Steelers quarterback Ben Roethlisberger posted a message on his website Monday about the team’s decision to wait in the tunnel for the National Anthem during Sunday’s game in Chicago. Roethlisberger wrote that the gesture was supposed to be about unity but that he wished it had been approached differently.
“I was unable to sleep last night and want to share my thoughts and feelings on our team’s decision to remain in the tunnel for the National Anthem yesterday,” he wrote. “The idea was to be unified as a team when so much attention is paid to things dividing our country, but I wish we approached it differently. We did not want to appear divided on the sideline with some standing and some kneeling or sitting.”
“As a team, it was not a protest of the flag or the Anthem,” he emphasized. “I personally don’t believe the Anthem is ever the time to make any type of protest. For me, and many others on my team and around the league, it is a tribute to those who commit to serve and protect our country, current and past, especially the ones that made the ultimate sacrifice.”
“I appreciate the unique diversity in my team and throughout the league and completely support the call for social change and the pursuit of true equality,” he added. “Moving forward, I hope standing for the Anthem shows solidarity as a nation, that we stand united in respect for the people on the front lines protecting our freedom and keeping us safe. God bless those men and women.”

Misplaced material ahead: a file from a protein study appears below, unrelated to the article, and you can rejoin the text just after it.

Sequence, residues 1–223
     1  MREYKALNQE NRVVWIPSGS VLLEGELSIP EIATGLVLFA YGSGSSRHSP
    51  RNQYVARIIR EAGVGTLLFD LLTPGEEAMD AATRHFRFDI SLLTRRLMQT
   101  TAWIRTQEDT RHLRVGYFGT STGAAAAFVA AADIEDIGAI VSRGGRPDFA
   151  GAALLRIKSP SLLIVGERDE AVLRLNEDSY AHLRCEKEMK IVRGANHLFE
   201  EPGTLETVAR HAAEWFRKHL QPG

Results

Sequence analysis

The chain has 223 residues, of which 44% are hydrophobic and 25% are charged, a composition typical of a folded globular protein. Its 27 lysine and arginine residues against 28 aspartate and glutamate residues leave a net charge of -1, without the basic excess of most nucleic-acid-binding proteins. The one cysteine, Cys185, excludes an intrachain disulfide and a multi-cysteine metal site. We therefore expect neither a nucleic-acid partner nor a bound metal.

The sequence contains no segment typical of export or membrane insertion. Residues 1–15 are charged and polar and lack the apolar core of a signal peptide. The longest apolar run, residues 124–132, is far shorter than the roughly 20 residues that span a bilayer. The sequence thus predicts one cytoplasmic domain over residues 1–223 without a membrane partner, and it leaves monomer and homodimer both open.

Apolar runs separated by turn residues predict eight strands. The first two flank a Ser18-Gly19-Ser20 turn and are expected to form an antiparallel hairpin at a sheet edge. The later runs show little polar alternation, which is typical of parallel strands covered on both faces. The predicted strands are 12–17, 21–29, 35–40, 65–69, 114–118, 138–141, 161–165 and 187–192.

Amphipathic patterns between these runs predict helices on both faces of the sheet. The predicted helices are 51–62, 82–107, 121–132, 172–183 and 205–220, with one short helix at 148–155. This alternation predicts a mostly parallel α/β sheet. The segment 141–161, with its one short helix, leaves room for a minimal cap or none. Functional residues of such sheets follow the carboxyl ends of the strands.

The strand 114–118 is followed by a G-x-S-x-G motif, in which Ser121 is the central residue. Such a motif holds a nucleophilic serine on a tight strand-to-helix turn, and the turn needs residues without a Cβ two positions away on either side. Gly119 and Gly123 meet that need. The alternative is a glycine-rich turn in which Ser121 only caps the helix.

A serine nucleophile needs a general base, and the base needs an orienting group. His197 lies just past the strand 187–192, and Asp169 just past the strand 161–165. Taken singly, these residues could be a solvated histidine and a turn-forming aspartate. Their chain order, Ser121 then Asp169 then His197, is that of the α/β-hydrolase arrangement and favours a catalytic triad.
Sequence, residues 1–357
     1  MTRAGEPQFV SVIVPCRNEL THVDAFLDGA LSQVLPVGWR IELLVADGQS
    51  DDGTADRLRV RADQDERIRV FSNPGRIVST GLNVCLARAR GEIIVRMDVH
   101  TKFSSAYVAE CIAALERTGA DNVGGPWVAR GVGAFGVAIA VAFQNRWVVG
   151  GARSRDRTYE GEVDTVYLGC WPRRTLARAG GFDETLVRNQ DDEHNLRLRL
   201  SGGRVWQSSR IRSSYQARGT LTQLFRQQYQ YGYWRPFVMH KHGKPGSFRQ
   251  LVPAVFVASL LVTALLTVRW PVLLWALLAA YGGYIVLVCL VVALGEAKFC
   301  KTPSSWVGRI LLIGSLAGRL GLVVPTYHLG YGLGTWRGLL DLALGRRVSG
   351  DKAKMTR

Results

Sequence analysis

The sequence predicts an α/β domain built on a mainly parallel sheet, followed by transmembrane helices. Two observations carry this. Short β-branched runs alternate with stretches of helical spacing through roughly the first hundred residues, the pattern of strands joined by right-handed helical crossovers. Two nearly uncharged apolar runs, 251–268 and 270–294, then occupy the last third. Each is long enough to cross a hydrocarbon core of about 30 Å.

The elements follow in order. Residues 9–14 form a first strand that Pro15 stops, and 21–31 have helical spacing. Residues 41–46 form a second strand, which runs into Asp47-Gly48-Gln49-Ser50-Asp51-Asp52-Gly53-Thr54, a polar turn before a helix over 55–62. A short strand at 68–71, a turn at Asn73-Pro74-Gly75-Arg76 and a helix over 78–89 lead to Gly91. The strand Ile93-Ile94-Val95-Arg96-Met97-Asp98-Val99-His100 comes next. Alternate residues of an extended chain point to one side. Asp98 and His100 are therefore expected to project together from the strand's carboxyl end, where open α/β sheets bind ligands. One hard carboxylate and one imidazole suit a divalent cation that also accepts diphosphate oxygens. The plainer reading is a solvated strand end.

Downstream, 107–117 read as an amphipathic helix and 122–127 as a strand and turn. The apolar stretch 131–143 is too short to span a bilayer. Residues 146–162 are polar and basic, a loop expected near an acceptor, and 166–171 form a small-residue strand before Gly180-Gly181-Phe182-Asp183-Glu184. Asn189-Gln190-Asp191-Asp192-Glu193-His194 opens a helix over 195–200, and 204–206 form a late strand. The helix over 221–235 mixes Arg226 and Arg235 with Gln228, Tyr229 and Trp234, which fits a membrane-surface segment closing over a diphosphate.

Steelers player and retired Army Ranger Alejandro Villanueva stood alone outside the tunnel for the Anthem – something Roethlisberger clarified was never meant to happen.
“We never want to leave one man behind," Steeler defensive end Cam Heyward said in a press conference with Roethlisberger. "I know it looked like that in the picture and we wanted to make sure we reached out to Al personally. We didn't want him to ever feel like we didn't have his back.”
Various NFL teams staged protests Sunday after President Trump tweeted that the NFL should fire players who knelt for the National Anthem as a form of protest. One hundred and fifty players total knelt during the Anthem. Refusing to stand during the Anthem is not a popular form of protest among many of the NFL's viewers, a recent study found that 34 percent of Americans are less likely to watch NFL games due to the protests.